Rock on, Mars!
This 3D view of CRISM composition (18 meters/pixel) over MOLA topography highlights two different clay compositions at Mawrth Vallis. Blue colors in this image represent aluminum-bearing clays, while red colors represent iron-bearing clays. Dark material is sand or caprock.
By Janice Bishop, Senior Research Scientist
I study the spectral fingerprints of minerals and rocks in the lab in order to generate a spectral library for identifying these materials in the martian data collected by CRISM, a spectrometer orbiting Mars. As a Co-Investigator on the CRISM team, I map outcrops of rocks such as clays, carbonates, and sulfates that tell us about the kind of water that was once present on Mars.
I also collect and study Mars analog rocks and soils at a variety of locations – including volcanic islands, cold deserts, hydrothermal regions, and acidic aqueous sites. I also examine meteorites, which are the only martian samples available on Earth to date. Characterizing these analog rocks helps us constrain the duration of liquid water on ancient Mars and also the acidity and temperature of that water.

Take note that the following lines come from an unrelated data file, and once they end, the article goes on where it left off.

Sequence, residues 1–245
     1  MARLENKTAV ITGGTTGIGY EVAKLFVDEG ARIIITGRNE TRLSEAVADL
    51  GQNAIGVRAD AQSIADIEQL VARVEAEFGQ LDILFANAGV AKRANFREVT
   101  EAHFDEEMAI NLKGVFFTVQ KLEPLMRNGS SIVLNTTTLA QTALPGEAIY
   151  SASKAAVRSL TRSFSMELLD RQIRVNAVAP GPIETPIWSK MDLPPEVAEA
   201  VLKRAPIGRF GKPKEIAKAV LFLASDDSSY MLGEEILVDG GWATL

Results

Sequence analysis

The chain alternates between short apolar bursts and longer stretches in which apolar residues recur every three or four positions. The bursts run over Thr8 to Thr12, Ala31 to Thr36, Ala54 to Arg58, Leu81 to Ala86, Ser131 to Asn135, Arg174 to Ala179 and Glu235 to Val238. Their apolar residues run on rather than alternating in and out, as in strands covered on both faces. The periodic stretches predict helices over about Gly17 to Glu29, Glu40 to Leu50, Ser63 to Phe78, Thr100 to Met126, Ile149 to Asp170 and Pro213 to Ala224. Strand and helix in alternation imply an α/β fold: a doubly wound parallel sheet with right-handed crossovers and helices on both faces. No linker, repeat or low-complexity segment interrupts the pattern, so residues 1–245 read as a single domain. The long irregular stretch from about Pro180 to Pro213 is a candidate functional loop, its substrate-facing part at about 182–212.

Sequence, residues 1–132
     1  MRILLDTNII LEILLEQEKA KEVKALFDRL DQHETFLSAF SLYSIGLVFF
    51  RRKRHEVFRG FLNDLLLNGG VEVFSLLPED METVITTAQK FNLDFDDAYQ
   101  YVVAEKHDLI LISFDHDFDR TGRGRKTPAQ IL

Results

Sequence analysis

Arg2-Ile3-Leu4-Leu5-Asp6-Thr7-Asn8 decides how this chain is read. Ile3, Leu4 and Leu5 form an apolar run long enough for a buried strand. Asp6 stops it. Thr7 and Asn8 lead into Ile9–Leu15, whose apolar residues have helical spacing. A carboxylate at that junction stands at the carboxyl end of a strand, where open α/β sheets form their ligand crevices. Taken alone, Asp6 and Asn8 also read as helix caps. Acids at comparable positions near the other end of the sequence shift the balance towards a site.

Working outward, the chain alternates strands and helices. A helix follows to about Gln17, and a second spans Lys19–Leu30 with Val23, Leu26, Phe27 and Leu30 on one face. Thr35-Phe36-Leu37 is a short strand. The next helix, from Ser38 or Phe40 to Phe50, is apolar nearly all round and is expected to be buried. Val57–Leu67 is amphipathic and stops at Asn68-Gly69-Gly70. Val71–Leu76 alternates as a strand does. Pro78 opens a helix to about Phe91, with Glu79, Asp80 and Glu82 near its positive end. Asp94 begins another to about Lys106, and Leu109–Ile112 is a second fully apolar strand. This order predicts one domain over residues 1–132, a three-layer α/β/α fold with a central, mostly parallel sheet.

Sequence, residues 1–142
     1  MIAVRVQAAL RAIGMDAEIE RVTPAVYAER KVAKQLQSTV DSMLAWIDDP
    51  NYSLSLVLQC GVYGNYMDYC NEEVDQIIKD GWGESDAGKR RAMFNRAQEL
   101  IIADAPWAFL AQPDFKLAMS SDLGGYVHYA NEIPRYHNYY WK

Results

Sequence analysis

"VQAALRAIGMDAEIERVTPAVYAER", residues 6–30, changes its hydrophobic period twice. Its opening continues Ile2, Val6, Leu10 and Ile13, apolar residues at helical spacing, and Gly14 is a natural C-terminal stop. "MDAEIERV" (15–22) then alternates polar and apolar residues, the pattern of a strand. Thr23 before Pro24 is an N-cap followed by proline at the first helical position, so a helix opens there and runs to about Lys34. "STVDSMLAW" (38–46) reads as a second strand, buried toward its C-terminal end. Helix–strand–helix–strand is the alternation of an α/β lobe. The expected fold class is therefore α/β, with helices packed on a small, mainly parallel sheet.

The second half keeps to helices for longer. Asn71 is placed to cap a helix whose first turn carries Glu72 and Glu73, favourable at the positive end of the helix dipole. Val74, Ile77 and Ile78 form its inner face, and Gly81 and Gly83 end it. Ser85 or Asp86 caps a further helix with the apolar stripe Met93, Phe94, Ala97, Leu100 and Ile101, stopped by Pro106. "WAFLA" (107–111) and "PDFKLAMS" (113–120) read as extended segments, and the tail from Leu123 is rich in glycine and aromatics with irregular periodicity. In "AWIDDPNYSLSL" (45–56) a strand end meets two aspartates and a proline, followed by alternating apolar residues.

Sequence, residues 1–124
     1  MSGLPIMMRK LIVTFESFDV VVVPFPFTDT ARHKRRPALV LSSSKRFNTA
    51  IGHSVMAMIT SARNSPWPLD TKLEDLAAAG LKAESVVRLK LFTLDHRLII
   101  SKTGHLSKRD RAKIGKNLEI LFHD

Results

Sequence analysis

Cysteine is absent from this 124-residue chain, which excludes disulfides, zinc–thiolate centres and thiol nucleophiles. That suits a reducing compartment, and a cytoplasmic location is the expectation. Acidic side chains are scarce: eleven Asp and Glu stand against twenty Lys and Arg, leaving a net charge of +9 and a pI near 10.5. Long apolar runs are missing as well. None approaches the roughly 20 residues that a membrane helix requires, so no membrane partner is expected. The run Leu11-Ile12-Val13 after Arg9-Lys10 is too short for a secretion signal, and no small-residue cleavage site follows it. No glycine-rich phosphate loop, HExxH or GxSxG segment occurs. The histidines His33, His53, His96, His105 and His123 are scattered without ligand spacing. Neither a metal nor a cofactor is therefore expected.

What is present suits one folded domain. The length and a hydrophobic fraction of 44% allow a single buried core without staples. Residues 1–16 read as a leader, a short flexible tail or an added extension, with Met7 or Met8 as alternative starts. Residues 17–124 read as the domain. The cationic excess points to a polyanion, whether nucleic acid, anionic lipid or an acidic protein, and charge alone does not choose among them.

Through joint analyses of Mars analogs on Earth and spectral images of Mars, I’m working to identify sites on Mars that may have been able to support life in the past. I’m part of a team proposing Mawrth Vallis as a landing site for future missions because of the importance of this region for astrobiology and potential resources for human missions.
This model shows how clays may have formed on early Mars when the surface held abundant water (blue). About 4 billion years ago clays (green) formed on much of the surface. Subsequently, the water dried up and the clays were buried. Now we see them excavated on the surface where the later lava has been removed by impacts or surface erosion.